Outcomes for babies born at Bendigo Health are on par or better than the state average, but Bendigo mums-to-be are lighting up at rates higher than others across Victoria.
Babies born at Bendigo Health at 32 weeks gestation or more were 18 per cent less likely to die than the state average. Those born at 22 weeks or more were 4 per cent more likely to die.
The state’s worst-performing hospital for infant mortality was Hamilton, where babies were 80 per cent more likely to die than the state average.
The ratios were revealed in a recently released report, measuring maternal health indicators in 2012/2013.
Bendigo did not perform as well in terms of maternal smoking rates – about 16 per cent of mothers to be continued smoking after 20 weeks gestation, well up on the state average of approximately 7 per cent.
Only about 2 per cent of Echuca mums-to-be continued to smoke during pregnancy, while things were less promising in Maryborough where 19 per cent continued to light up.
Ten per cent of women who gave birth at Castlemaine Health continued to smoke.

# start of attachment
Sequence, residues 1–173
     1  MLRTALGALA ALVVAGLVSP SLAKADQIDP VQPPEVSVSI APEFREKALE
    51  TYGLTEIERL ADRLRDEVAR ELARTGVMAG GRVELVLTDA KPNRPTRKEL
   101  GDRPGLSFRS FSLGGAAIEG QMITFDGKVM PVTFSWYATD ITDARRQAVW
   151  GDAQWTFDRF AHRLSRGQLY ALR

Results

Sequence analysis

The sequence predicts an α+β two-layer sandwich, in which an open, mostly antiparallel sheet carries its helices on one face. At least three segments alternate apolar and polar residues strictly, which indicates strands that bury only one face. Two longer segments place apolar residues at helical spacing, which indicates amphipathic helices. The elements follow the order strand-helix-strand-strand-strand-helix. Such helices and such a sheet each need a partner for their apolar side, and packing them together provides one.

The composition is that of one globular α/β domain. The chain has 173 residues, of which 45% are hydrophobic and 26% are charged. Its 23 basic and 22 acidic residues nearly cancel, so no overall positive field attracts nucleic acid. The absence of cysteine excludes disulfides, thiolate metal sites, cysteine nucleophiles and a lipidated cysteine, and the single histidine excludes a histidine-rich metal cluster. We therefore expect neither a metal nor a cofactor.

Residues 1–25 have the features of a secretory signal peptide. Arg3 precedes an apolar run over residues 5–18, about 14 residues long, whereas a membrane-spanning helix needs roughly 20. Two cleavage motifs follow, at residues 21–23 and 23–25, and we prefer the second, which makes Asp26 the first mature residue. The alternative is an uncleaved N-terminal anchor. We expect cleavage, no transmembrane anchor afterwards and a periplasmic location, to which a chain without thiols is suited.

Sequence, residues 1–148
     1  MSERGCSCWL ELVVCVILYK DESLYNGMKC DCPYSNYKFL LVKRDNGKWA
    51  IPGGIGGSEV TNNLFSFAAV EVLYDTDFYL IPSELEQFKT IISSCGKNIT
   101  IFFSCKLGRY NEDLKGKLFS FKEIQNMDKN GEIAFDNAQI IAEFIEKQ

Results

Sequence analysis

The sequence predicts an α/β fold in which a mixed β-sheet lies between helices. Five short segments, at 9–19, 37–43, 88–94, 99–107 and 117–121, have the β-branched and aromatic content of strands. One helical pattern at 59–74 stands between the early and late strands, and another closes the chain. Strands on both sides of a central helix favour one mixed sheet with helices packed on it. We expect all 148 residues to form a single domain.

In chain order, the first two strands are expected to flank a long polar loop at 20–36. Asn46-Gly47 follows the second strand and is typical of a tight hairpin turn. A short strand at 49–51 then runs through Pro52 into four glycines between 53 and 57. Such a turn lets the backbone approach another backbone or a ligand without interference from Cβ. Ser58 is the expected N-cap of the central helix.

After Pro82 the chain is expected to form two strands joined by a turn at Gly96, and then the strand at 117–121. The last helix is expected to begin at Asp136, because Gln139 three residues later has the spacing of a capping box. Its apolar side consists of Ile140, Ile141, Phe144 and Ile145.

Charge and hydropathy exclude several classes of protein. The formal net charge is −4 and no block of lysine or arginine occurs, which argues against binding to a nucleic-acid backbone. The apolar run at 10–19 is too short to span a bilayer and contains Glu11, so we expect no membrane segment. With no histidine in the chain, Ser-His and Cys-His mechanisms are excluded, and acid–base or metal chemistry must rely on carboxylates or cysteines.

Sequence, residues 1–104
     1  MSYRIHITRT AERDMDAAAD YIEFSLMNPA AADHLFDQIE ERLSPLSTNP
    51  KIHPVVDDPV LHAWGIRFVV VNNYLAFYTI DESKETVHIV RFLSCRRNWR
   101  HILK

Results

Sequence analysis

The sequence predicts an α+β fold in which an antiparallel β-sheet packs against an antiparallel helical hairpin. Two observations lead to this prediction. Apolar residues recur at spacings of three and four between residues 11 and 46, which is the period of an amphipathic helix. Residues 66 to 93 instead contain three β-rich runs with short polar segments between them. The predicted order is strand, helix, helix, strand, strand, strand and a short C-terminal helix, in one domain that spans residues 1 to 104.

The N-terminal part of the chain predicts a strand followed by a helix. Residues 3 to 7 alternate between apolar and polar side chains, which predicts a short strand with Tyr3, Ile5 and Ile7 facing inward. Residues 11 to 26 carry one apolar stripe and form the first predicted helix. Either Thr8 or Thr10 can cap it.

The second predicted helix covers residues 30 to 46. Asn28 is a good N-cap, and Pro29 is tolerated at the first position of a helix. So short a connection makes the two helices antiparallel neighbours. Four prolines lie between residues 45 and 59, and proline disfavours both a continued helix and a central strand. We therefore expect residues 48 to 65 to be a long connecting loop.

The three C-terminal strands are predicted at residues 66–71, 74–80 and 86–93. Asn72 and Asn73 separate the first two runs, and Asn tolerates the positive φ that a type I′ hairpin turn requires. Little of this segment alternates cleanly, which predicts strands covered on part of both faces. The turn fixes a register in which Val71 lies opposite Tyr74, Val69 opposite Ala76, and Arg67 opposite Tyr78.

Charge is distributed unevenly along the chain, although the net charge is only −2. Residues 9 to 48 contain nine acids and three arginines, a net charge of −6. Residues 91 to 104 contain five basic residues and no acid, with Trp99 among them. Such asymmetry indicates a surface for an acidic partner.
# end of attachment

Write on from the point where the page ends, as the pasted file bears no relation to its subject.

Bendigo was also behind the pack in terms of breastfeeding initiation in hospital.
About 90 per cent of babies born at Bendigo Health were breastfed for the first time in hospital, putting it in the “least favourable” category for that indicator.
Across the state, 94 per cent of babies started breastfeeding in hospital.
About 34 per cent of babies born in Bendigo at 37 weeks gestation or more were fed infant formula in hospital.
Elsewhere in the region, 10 per cent of Maryborough infants received formula in hospital, while Castlemaine was the best performing hospital in the state, with only 2 per cent fed formula in hospital.
President of the Royal Australian and New Zealand College of Obstetricians and Gynaecologists Michael Permezel said while the infant mortality ratio results could be caused by deficiencies in care and a shortage of resources, particularly in growth areas, they could also reflect unavoidable factors such as obesity and smoking among pregnant women.
"Each hospital should know where it stands and have good reasons for why it stands there," he said.
"Some hospitals have particularly low socio-economic status which we know is associated with high rates of perinatal death.”